My laptop is getting hot with LMDE

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Re: My laptop is getting hot with LMDE

Postby Beardedragon on Thu Feb 17, 2011 9:27 am

marlar wrote:Thanks, but I am just a bit scared of playing with the kernel. Can I undo a kernel upgrade if it goes wrong?

Yes, it is as simple as opening Synaptic, finding the kernel headers and it's image then remove it. Then reboot.
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Re: My laptop is getting hot with LMDE

Postby marlar on Thu Feb 17, 2011 9:29 am

Ok, I will give it a shot when I get some time!
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Re: My laptop is getting hot with LMDE

Postby Dave68 on Thu Feb 17, 2011 9:34 am

When you add a kernel, it will show up in your grub menu. Select which kernel you want to use, and always keep the default in the Grub menu. If the new kernel goes south, you can always boot in to the default, go to Package Manager and remove the offending kernel. There is really nothing scary about trying different kernels.

Enjoy,
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Re: My laptop is getting hot with LMDE

Postby marlar on Fri Mar 18, 2011 6:15 am

TBABill wrote:I would lean toward the video driver as a best guess. Using the open source drivers (I believe) still throttles GPU's to 100% regardless of the use/non-use of the machine. I have not had to get an nVidia or ATi driver going on LMDE, but you can look up the Debian Wiki and Debian forum for how to do so if there is nothing on the Mint forum to guide you. Configuring the video driver should be identical to Debian AFAIK.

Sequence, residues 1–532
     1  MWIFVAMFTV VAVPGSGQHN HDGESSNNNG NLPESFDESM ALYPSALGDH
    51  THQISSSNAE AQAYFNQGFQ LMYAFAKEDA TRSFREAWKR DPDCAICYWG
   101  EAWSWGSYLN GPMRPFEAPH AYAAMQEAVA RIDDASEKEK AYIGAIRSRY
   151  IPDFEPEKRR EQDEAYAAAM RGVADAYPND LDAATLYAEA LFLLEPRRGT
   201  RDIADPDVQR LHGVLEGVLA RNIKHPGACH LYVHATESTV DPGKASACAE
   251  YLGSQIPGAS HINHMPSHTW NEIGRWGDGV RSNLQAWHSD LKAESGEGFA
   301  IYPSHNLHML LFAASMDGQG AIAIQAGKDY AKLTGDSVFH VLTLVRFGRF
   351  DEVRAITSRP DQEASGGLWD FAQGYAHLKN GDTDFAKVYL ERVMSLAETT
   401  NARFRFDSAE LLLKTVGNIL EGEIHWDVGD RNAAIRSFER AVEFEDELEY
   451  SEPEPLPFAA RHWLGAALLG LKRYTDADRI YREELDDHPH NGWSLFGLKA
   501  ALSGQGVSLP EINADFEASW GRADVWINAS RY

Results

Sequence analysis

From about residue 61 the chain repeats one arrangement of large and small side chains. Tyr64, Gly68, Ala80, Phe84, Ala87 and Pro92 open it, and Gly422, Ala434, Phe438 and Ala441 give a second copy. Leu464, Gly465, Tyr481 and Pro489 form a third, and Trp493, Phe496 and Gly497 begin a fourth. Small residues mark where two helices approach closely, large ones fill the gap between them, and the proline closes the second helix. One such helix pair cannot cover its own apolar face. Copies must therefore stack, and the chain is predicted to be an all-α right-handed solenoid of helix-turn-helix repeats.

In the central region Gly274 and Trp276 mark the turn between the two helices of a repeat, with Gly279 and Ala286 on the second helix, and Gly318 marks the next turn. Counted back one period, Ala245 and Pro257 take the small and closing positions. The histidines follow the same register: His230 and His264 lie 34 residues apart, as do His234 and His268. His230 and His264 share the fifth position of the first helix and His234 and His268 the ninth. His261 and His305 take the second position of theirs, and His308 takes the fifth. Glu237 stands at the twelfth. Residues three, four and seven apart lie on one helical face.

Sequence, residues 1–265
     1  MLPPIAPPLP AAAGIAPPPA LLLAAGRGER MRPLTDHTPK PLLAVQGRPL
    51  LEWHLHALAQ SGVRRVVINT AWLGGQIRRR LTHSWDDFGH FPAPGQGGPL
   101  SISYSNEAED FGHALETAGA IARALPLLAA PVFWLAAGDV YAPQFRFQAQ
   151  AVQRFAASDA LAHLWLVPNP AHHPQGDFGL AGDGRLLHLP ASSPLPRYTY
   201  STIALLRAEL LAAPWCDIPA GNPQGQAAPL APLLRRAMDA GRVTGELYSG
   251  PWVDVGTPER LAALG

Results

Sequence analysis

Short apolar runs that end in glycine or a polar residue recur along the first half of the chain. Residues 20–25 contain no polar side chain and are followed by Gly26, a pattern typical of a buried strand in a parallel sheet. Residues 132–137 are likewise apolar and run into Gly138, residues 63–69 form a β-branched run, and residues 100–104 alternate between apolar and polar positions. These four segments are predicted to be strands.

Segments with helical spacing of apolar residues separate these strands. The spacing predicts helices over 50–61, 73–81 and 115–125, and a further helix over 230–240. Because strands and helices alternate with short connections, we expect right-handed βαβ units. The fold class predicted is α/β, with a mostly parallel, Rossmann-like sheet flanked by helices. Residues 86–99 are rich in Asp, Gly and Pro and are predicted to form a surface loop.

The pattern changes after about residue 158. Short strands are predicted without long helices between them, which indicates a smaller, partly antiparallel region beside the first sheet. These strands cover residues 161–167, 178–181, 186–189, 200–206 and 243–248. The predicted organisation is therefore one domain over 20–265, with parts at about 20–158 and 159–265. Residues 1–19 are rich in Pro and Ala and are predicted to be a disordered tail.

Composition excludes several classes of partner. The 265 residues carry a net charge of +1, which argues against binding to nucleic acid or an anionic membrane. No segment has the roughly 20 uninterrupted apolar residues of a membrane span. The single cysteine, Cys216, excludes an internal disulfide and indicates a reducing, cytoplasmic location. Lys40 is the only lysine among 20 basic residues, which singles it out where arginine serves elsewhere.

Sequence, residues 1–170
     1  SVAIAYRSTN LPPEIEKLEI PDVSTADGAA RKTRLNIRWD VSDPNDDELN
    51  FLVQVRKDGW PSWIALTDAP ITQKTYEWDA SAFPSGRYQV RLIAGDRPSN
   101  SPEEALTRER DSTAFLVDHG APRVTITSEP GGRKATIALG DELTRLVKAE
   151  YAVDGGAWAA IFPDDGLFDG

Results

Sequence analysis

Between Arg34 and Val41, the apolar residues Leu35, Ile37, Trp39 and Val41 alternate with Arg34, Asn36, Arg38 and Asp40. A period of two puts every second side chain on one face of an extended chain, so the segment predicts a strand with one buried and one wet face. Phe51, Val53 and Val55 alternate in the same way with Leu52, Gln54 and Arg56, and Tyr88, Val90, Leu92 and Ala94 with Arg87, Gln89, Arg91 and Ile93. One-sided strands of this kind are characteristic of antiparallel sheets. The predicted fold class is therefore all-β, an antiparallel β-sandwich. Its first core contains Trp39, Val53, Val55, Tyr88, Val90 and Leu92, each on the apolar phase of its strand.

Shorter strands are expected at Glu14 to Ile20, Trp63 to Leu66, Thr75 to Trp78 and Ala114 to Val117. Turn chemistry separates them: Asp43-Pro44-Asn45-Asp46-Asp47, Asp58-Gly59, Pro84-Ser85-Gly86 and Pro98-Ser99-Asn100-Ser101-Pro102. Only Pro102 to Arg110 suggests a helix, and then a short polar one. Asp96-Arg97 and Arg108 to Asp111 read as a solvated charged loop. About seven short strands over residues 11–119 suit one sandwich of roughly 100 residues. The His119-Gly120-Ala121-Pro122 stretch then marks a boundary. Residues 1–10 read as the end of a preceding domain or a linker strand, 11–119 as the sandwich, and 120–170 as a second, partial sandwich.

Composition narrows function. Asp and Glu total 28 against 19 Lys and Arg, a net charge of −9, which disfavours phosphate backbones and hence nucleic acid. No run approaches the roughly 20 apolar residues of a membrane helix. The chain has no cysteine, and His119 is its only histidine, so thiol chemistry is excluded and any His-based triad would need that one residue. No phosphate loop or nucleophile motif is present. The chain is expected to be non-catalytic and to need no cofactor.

I have now installed the proprietary driver from ATI and it does actually gets much less hot now. In fact, it doesn't get hot at all, only a bit warm.

I had been reluctant with the update because I feared it would screw up my system. I need it for my work and I can't accept a long downtime. And just after installing the driver, it for a while looked as if my worst nightmare had come through! The display was totally garbled with only some thin lines across the screen. I could detect activity if I moved the mouse pointer but it was completely incomprehensible. Fortunately I didn't have more time as I was about to leave for my running exercise. I say fortunately, for when I run I often think clearly and get good ideas. So after a while I suddenly realized that I had disabled the external graphics card in the BIOS thus using only the on-board card, because it was getting even hotter with the external card. So the driver from ATI was trying to control a non-existing graphics card! No wonder it didn't work - except that I really think it should have presented me with an error message and not loaded the driver.

When I came back from running I enabled the ATI card in BIOS and presto - it booted up fine :-)
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